Today is the “Day of Decision”: California’s Supreme Court will decide if they want to uphold Proposition 8, or give homosexuals the right to marry (again). It is a day that has left me with some mixed emotions, which I will try to explain here.
My partner Joey and I will celebrate our seventh anniversary in July. That is longer than a lot of traditional marriages last, but somehow we still are denied to have the same rights as a heterosexual married couple. If gay marriage was legal in Illinois we would probably get married, but maybe not. “Marriage” carries such a strict and religious connotation that doesn’t bode so well with either of us. We’re happy with our life and relationship in their present states, and really only want legal recognition of our devotion to each other for the rights it carries.
When I try to express this idea, people often say to me, “Religion doesn’t have anything to do with marriage,” which is right to an extent, but that line of thinking has its flaws. Most (not necessarily all) arguments against gay marriage come from religious conservatives or right-wing politicians hoping to keep the Christian vote locked down. Do I need to spend the rest of my life with those people hating me even more than they already do? Nope. If the word marriage is so important for them to keep, then they can keep it.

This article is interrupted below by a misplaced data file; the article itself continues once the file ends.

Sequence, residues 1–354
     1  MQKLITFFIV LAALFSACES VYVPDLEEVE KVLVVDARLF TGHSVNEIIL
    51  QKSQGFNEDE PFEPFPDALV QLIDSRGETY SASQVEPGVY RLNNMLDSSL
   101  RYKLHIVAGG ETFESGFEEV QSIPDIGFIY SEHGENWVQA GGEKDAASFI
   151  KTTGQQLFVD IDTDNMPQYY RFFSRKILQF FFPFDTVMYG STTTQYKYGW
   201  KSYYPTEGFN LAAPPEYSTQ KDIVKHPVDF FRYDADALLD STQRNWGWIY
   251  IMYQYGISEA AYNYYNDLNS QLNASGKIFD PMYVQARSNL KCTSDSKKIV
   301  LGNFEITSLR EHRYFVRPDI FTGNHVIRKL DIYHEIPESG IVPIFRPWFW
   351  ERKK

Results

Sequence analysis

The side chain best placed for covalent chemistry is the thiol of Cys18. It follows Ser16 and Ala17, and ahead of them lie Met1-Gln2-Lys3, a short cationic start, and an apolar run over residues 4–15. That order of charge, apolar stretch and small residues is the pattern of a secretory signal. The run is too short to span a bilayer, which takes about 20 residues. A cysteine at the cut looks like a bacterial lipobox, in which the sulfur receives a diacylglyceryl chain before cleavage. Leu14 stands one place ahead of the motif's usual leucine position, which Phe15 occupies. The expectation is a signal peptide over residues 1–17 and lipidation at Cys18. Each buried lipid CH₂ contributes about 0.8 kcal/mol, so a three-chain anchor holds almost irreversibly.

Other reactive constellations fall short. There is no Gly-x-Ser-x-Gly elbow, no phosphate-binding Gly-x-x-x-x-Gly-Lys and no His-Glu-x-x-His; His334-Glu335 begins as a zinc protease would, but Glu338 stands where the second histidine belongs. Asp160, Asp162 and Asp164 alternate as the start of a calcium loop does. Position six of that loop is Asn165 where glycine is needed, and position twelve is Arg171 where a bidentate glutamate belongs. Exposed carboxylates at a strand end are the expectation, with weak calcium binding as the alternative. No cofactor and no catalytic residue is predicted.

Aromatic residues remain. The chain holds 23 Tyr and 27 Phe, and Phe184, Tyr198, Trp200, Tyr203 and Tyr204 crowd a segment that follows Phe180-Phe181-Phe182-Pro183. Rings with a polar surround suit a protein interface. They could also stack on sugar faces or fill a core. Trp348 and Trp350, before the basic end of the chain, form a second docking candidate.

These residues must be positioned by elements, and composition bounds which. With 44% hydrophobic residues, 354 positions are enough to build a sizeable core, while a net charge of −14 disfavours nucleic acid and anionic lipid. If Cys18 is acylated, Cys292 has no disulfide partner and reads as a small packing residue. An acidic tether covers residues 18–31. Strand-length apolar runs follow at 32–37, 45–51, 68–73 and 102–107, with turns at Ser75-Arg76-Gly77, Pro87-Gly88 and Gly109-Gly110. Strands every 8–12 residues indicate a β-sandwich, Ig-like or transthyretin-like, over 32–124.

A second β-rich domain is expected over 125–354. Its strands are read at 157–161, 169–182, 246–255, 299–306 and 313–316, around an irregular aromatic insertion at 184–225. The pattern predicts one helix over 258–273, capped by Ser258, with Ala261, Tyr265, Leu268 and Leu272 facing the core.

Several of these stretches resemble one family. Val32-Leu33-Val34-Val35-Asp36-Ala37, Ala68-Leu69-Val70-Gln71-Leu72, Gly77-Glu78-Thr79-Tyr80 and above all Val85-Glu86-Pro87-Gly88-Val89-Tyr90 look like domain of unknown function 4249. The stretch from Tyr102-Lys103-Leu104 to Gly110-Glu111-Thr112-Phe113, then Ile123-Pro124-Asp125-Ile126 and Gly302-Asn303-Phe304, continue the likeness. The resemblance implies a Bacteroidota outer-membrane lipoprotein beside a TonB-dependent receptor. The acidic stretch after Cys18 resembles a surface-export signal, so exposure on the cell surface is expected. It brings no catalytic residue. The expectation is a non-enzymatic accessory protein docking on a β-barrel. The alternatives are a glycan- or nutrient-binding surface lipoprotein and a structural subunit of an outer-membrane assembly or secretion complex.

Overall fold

In my opinion, a federally recognized civil union would’ve been a better place for the GLBT activists to start their work. It’s easier to swallow and doesn’t have the ooky religious tones that marriage carries; all this, while simultaneously granting nearly identical rights. In all areas of life, it is important to choose your battles wisely and I really think that, despite the success of marriage equality on the east coast, it was too much and too soon. I can’t help but to hope for a positive decision today in California, but I honestly won’t be surprised if it doesn’t. I can only hope that Americans will stop being so afraid of love before I’m gone.